MQTT Client Tools - The Seven Best Tools

MQTT Client Tools - The Seven Best Tools

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Written by The HiveMQ Team

Category: MQTT MQTT Client

Published: July 15, 2019

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We recently released a new series about awesome MQTT client tools: MQTT Toolbox

Everybody from MQTT beginner to expert needs a handy tool to try out stuff or for debugging. A while ago we had already taken a look at such tools, but since then a lot of new tools have emerged, which definitely justifies an update on that topic. The goal of this blog post is to give a brief overview of the best MQTT client tools for different platforms and highlight special features.

We from HiveMQ are very active in spreading the word about MQTT at conferences in Germany & Europe and to the whole world over the internet. So we often demonstrate and explain how MQTT works and what its benefits are. Also during the further development of HiveMQ and when implementing IoT solutions for customers, we need tools to publish and subscribe to different topics easily. These are only 2 use cases out of many others where a MQTT client tool comes very handy and is often inevitable. Due to the particular suitability of MQTT for mobile devices, tools for mobile platform are as important as desktop versions.

So there’s definitely a right to exist for tools on different platforms, and we will directly jump into our Top 7 in no particular order.

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The MQTT CLI is an open-source Java MQTT client tool that enables you to interact quickly and easily with any MQTT Broker in various ways. The CLI gives you a single compact tool for the most important client operations (PUBLISH and SUBSCRIBE). The CLI tool also provides an interactive and comfortable SHELL mode that enables you to work with multiple MQTT clients in parallel and supports connection handling. The MQTT CLI supports all MQTT features for MQTT Version 5 & 3.1.1. The tool uses the HiveMQ-MQTT client library, which is a fast, low-overhead, high-throughput, and modern MQTT library written in Java. The MQTT CLI comes in various binary packages that can be downloaded from the documentation homepage on GitHub.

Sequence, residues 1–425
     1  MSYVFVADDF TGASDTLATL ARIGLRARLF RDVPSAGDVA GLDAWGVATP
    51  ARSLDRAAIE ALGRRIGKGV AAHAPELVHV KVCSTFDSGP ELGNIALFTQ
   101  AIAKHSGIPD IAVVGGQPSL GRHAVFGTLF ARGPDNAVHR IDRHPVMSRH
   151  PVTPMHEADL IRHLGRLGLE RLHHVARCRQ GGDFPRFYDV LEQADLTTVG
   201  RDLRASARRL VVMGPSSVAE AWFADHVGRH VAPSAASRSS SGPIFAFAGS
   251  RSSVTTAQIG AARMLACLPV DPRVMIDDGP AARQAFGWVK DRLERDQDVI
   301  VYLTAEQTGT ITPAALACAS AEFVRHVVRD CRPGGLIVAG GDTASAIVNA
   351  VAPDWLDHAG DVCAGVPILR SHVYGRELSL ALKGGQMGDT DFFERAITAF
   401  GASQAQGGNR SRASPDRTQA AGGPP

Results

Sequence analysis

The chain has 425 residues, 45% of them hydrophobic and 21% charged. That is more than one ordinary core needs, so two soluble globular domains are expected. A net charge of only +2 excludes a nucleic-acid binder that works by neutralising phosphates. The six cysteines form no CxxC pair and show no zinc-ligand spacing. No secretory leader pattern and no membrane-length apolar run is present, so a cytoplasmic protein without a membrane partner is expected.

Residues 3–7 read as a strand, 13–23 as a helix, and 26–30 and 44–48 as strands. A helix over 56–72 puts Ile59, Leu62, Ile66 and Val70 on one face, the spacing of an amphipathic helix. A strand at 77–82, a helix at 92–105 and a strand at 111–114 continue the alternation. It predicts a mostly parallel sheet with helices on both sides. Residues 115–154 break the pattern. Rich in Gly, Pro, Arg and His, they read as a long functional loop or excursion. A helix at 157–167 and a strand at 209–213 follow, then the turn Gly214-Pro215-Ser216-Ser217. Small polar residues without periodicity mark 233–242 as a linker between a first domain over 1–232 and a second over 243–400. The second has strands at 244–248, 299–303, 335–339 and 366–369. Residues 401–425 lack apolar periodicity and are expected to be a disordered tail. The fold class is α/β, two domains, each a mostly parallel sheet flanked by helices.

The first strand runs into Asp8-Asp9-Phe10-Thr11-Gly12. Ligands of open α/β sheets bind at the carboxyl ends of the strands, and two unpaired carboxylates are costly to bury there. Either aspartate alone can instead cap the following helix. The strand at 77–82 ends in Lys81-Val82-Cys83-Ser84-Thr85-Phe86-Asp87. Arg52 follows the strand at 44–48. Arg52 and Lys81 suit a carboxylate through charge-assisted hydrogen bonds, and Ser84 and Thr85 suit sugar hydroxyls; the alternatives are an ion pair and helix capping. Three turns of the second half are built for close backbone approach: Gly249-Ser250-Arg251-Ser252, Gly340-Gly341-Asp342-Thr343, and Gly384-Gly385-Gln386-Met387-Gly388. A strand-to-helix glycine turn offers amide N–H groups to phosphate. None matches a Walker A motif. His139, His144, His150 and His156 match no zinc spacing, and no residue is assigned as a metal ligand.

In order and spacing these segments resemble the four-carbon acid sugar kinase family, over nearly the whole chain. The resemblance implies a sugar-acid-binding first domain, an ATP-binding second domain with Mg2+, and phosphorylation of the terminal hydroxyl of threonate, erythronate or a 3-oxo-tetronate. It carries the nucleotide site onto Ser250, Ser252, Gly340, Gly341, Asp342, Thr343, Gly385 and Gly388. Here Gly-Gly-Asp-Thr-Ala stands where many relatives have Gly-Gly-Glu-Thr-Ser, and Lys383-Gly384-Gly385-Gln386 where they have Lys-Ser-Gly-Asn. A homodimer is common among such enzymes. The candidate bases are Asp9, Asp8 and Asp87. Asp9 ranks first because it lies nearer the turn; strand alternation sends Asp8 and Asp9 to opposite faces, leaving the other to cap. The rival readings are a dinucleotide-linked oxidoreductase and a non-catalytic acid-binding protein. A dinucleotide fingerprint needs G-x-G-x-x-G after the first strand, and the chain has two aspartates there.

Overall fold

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HiveMQ MQTT Client

HiveMQ has released the HiveMQ MQTT Client, a Java library that is available under the Apache license on GitHub. This new MQTT client is compatible with MQTT 3.1.1 and MQTT 5. It is designed for high-performance so it is very useful for server-side MQTT clients that integrate enterprise systems. The client features a reactive, blocking and non-blocking API. Download if for free from the HiveMQ Github repo.


(available for Win/MacOSX/Linux, MQTT.fx, free)

MQTT.fx - Broker status via $SYS-topics

MQTT.fx - Broker status via $SYS-topics

MQTT.fx has been around since 2014 and built its fan base in our team. It comes with the portability of the Java VM and a quite impressive feature set. MQTT.fx is implemented with JavaFX, which is quite obvious, when opening the tool for the first time. Due to the native packaging available for JavaFX, there are binaries for Windows, MacOSX and Linux, which makes the installation a breeze. But lets have a look at the MQTT part. Besides standard publish/subscribe functionality it provides support for $SYS topics and connection profiles for connecting to different brokers. Especially the $SYS topic support is awesome, it helps to inspect the internals of the broker from time to time. We haven’t seen that kind of displaying in another tool. The connection profiles allow the configuration of connection options like client id, SSL/TLS, username/password and Last Will and Testament. Another functionality which has been introduced in one of the last releases is scripting. This makes the simulation of different sensors, etc. easily possible. Just for the record, there are also a few small things, which sometimes makes the user experience inconvenient. For example the publish/subscribe functionality is separated in two tabs, which results in constant switching the tabs. Update: It is possible to view publisher and subscriber at the same time by detaching one of the tabs. Also here and there small bugs occur. But regardless of these little things, the listed features makes it definitely one of the best choices, when experimenting with MQTT at the moment.


(based on Java 8, mqtt-spy, OpenSource)

mqtt-spy publish/subscribe

mqtt-spy publish/subscribe (source:

mqtt-spy has been around since 2014 and as of early 2016 is part of Eclipse Paho and Eclipse IoT. It ships as a JAR file and runs on top of Java 8 and JavaFX. MQTT-Spy has a very nice way of displaying the basic MQTT publish/subscribe mechanism. It makes it easy to publish and subscribe at the same time and there are different tabs for connections to several brokers. The different areas of the pub/sub window (publish, new subscription, subscription & messages) can be closed down to make room for the currently used ones. Its search functionality allows to find and filter the often heavy load of MQTT messages running through such a tool. Another handy feature is that it logs every published and received message in the standard output and also into a file. So it is easy to open the file in any text editor and make deeper analysis of the messages, which is often necessary when dealing with many MQTT messages. It also comes with advanced features like scripting, filtering & searching, decoding & formatting received messages and graphing/charts. It’s a sophisticated tool for the day-to-day usage.